“I met Freddie Weasley last night, he asked me out to coffee, sang for a little bit, and gave me that,” I tap the ticket with one finger, trying to keep the amusement off my face as Harriet struggles to settle on the right expression.
“What! Oh, shit. You said no, didn't you? You, of all people, met Freddie freaking Weasley, who asked you out, and you said no!” Harriet flaps the ticket in my face. “You're so stupid! Stupid, I say!”
Batting her away, I laugh. “Well, I hardly foresaw that Tommy boy was going to do another runner that night, did I?” It placates her and she falls back into her chair, gazing at the ticket in wonder. “Are they any good?” I sip my coffee and get a mouthful of biscuit crumbs that almost make me choke.
“They're amazing,” she sighs, near dreamily, “amazeballs. Absolutely brillo pads.”
“That's good then, seeing as you're going and all.”
“He gave you two? Gosh, he's just so perfect. I love him. Isn't he so amazing?”
“No,” I want to swat her around the head for such nonsensical rambling, wondering when she got replaced by a thirteen year old fan girl. “But I've never even heard of Law – stupid name, don't you think? - so what's the point in me going? You'll get more out of it. Besides, I'm busy on Saturday anyway, it'll just go to waste.”
Harriet's eyes are shining and she clutches the ticket in a near possessive way, and I know she wants to go, but she still goes through the whole good friend charade. “But, he gave it to you, Eva, are you sure?”
Two minutes later and I'm waving her goodbye, hearing the door click shut behind me. Her flat isn't too far from mine. Wearily, I start down the stairs, deciding a walk around London wouldn't be the worst thing that's ever happened.
My door sticks in its frame; the key jams in the lock. Shoving it a few times with my shoulder, I manage to get it open. Despite its dreary outward appearance, I've tried to make sure the inside isn't as dank and gloomy. The landlord was just eager for a body to fill it; didn't mind me decorating. Thus each room had been lifted from its nicotine stained fog with a simple lick of paint, bright walls making it appear much friendlier.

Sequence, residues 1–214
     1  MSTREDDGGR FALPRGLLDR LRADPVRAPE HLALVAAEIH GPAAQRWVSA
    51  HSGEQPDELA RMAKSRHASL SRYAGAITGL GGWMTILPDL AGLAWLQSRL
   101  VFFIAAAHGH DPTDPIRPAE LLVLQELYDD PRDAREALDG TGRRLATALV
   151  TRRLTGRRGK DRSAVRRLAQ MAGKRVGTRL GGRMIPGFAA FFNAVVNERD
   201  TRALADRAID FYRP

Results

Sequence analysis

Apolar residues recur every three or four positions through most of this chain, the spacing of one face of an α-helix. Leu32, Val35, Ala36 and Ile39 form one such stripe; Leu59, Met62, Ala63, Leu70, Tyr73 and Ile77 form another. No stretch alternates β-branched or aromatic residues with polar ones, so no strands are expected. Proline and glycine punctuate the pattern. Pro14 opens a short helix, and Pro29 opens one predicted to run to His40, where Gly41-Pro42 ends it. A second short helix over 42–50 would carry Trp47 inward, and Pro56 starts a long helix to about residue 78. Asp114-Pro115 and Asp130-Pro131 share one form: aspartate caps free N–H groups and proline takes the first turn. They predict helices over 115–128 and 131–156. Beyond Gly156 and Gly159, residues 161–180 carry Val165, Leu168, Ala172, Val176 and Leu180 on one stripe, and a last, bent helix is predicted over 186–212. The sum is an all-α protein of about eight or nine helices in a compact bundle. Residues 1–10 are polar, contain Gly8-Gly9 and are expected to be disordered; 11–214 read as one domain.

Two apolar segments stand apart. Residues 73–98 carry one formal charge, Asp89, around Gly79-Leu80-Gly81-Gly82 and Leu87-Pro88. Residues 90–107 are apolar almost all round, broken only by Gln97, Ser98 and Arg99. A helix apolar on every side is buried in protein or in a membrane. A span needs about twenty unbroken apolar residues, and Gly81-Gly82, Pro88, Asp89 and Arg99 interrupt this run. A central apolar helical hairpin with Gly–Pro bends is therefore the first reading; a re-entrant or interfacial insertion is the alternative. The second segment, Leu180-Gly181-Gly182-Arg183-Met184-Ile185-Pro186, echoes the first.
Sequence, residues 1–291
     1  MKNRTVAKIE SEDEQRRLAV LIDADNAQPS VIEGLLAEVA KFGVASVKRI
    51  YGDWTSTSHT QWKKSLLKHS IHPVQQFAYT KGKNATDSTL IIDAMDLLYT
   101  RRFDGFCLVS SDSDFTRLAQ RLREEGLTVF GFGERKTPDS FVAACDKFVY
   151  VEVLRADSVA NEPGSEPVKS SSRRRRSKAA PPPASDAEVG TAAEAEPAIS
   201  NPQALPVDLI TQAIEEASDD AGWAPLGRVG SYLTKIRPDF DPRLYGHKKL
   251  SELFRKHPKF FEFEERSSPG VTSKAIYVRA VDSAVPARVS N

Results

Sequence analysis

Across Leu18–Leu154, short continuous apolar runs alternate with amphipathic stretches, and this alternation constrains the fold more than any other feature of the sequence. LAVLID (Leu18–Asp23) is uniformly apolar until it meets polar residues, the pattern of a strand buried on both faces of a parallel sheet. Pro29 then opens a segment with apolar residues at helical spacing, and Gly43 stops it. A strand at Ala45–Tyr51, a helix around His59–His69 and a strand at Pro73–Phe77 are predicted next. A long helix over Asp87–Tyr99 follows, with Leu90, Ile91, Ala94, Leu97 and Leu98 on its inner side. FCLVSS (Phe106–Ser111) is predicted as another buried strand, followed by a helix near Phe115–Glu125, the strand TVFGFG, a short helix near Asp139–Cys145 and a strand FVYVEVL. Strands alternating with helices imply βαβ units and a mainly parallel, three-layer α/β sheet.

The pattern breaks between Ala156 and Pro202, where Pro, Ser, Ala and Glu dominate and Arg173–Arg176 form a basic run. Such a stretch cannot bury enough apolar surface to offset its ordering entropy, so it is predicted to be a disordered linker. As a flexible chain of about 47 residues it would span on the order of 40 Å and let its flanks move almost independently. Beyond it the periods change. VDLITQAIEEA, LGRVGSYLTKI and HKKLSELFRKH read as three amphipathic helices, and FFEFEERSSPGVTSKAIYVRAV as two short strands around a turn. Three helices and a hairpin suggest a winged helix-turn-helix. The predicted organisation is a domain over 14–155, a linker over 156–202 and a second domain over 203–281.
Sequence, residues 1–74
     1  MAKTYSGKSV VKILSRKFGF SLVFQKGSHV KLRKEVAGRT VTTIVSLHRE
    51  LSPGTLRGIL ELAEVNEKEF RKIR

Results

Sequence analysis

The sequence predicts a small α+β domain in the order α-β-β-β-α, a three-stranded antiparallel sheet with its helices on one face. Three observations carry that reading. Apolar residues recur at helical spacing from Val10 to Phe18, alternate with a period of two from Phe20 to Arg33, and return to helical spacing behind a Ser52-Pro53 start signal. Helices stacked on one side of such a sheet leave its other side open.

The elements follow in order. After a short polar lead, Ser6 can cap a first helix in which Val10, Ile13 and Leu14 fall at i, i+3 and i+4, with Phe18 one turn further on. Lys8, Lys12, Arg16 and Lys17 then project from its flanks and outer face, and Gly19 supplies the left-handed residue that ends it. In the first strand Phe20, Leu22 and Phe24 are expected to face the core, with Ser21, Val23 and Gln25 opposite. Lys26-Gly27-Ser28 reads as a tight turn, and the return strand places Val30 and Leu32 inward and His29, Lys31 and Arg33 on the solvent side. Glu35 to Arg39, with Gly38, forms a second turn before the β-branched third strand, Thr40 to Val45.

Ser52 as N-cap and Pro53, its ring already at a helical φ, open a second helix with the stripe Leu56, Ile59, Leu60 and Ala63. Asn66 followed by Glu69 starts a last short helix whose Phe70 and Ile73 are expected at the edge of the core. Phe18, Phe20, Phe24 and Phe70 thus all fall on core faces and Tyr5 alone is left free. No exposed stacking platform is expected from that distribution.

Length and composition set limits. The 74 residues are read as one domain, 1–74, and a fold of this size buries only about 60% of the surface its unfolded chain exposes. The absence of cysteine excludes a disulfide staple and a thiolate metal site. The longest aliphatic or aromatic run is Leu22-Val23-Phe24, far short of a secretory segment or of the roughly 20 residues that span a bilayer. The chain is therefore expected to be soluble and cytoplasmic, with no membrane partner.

Not much could be done about the size, but what I hoped to be a strategic placing of furniture made the most of what little room there was. A fleecy blanket covered the stained sofa, the kitchen had been scrubbed to within an inch of its life. Knockturn Alley is hardly the most desirable address, but beggars can't be choosers. Harriet had helped, draping fairy lights everywhere. My room was the best room, silken midnight blue material hanging from a point in the middle of my bed and stretching out to the walls, enclosing the bed and making it feel like a permanent den. It hid the damp patches, anyway.
Placing my wand on the rickety side table, I smile as Sybil comes running out my room in a black and white blur, mewing loudly. Jester hoots, looking expectantly from his perch, holding one leg up. Hurrying over, I detach the Prophet from his leg and smooth the feathers on his neck. “Atta boy,” I praise, as Sybil weaves between my ankles, batting my laces with one tiny paw. Jester stretches out his wings, hooting softly.